2013/14 Doctors and dentists pay


01 / 10 / 2012 8.40am

Our evidence was gathered through a continuing programme of employer engagement with the full range of NHS organisations on their priorities for national pay and conditions of service over the last year. We have held discussions at meetings of regional human resources directors, NHS Confederation and other employer networks throughout the year. There has also been substantive discussion with the NHS Employers policy board, its medical workforce forum and with employer representatives on the NHS Staff Council and the employer representatives on the joint negotiating committees on doctors and dentists terms and conditions.

Key messages to the Doctor and Dentists Remuneration Body (DDRB)

  • The current national pay and conditions arrangements are increasingly not affordable for employers in the NHS, who are faced with the task of meeting growing demand and sustaining the quality of patient care while achieving unprecedented efficiency savings of up to £20bn by March 2015.
  • Restraining pay is essential to protect services and minimise job losses.
  • There is no evidence from employers that any increase in the national scales is necessary for the recruitment, retention or motivation of staff.
  • Recruitment and retention is generally stable or improving across the country. Where there are known recruitment challenges in the medical workforce, these cannot be addressed by adjustments to the national pay scales but need wider solutions.
  • The two year pay freeze has not frozen earnings or pay costs in the NHS. Individual employees have continued to enjoy pay progression as they move through training and up incremental steps. On average, these increments result in an individual salary increase for doctors of between 3 and 8 per cent per year.
  • The NHS reward package remains highly competitive and is a valuable retention and recruitment tool.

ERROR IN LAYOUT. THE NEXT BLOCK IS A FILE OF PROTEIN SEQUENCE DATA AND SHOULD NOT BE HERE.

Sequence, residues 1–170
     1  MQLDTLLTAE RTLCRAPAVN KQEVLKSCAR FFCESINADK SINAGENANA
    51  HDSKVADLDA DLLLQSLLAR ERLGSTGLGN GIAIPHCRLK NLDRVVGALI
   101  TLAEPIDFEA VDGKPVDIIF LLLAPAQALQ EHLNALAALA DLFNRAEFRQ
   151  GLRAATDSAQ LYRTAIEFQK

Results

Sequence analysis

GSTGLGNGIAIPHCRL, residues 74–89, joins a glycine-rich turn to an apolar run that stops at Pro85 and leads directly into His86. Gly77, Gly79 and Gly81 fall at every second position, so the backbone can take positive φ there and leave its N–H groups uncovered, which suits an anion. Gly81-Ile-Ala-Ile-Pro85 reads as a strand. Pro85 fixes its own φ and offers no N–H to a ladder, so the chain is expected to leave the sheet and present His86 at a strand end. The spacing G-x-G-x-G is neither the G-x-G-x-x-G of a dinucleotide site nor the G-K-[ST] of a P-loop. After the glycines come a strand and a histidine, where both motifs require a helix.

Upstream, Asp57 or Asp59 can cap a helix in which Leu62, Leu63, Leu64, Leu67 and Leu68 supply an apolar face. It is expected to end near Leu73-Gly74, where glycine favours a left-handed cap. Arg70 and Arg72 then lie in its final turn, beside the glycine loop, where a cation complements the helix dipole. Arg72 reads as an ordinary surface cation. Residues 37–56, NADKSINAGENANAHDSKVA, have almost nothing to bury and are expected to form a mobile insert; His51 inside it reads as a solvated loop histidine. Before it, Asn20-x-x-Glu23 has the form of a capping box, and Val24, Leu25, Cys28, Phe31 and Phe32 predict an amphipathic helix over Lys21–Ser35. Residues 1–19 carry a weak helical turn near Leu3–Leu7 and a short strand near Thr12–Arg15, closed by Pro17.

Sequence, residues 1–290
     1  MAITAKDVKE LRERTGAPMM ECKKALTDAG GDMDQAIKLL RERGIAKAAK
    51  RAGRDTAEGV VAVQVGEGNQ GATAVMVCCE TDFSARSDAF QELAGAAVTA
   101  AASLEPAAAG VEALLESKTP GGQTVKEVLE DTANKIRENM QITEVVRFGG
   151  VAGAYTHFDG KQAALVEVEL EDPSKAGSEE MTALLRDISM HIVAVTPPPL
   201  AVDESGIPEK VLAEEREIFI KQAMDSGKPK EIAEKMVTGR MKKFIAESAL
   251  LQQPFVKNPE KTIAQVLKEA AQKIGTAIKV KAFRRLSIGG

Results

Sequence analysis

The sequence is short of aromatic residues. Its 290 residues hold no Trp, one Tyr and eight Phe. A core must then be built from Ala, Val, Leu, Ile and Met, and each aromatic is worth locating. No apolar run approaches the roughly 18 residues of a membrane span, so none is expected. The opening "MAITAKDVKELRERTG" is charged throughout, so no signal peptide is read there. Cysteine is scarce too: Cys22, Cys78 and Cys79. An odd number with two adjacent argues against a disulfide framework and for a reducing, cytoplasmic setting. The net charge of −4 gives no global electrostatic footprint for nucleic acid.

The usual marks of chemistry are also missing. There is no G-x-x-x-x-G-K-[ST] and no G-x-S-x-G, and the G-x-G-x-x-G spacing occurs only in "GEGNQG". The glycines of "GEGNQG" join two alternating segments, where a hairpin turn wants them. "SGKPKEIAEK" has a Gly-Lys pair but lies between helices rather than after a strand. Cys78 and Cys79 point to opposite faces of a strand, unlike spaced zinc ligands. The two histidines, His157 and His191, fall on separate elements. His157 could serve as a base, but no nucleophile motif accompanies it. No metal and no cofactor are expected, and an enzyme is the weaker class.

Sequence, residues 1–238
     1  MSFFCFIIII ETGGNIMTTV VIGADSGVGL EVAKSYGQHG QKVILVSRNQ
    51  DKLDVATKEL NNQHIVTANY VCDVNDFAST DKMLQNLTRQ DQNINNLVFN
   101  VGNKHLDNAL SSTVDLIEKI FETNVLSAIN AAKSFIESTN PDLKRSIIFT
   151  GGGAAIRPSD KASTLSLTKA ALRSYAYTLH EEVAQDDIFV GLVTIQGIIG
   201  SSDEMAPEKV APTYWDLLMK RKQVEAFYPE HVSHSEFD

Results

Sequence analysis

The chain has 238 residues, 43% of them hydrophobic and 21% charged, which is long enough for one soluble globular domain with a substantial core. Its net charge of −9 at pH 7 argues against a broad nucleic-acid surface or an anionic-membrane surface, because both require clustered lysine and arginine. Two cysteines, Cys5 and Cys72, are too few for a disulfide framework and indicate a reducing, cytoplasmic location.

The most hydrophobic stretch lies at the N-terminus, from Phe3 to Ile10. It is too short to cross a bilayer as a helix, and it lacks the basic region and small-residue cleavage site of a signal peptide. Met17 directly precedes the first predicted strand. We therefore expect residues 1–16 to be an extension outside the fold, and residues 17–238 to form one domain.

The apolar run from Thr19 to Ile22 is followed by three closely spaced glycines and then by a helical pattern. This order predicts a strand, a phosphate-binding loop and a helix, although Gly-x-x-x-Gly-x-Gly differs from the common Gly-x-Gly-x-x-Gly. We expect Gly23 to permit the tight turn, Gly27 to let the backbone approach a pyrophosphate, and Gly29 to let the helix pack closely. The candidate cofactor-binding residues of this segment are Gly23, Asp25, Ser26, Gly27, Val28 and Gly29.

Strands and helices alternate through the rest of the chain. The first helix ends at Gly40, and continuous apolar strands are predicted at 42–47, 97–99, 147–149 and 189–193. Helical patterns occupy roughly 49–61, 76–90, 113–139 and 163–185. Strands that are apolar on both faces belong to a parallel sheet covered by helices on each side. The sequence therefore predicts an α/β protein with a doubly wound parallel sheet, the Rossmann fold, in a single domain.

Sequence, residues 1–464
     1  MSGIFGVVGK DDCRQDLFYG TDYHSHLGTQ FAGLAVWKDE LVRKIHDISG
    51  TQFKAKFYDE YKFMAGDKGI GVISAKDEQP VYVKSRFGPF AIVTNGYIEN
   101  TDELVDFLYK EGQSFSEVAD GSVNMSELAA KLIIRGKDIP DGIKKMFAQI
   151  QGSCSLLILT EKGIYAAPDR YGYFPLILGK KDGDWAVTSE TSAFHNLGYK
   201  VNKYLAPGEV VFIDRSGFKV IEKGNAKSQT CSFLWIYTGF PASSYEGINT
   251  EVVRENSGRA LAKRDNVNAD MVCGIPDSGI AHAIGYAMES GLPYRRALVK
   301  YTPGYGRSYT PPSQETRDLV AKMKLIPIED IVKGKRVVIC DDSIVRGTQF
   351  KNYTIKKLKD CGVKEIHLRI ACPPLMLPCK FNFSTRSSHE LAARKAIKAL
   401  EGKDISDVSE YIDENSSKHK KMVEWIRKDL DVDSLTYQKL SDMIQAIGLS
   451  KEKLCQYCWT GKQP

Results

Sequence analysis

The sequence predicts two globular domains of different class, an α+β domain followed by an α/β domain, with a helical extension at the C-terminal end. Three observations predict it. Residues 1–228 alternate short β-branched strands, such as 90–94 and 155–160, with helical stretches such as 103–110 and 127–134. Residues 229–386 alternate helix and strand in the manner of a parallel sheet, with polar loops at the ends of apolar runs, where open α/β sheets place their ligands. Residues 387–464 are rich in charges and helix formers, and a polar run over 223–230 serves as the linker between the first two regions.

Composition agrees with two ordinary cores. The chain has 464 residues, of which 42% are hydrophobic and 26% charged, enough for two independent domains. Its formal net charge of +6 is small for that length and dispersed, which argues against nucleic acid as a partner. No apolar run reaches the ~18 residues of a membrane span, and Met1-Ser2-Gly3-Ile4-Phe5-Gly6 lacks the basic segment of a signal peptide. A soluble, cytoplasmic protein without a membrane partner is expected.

• Staff satisfaction measures, shown by the most recent NHS Staff Survey, remain generally good and, for doctors, better than other NHS staff.
  • Employers are increasingly asking for the pay and conditions arrangements to be better aligned to performance and productivity and to be more responsive to local needs.
  • There is no compelling evidence for differential awards for different categories of staff either locally or nationally.
  • As pensions are deferred pay, planned increases to employee contributions to the NHS Pension Scheme should not be used to justify any additional increase in pay rates. This does not release any money for pay and reward at employer level.
  • It is predicted that there will be an over-supply of medical graduates and the accepted need to have more doctors in General Practice and fewer in hospital services over the next 10 to 15 years suggests it is not necessary to raise national scales for hospital doctors.
  • The current national pay and conditions are not effective in helping the necessary reform of services and how and where services are delivered.
  • There is a compelling case for making changes to the terms and conditions contract for doctors in training and we would welcome a remit to renegotiate.
  • There is a compelling case for making changes to arrangements for Clinical Excellence Awards, particularly to the local excellence awards.

Further information

A copy of the full NHS Employers’ submission to the pay review body on doctors’ and dentists’ remuneration 2013/14 is now available to download.

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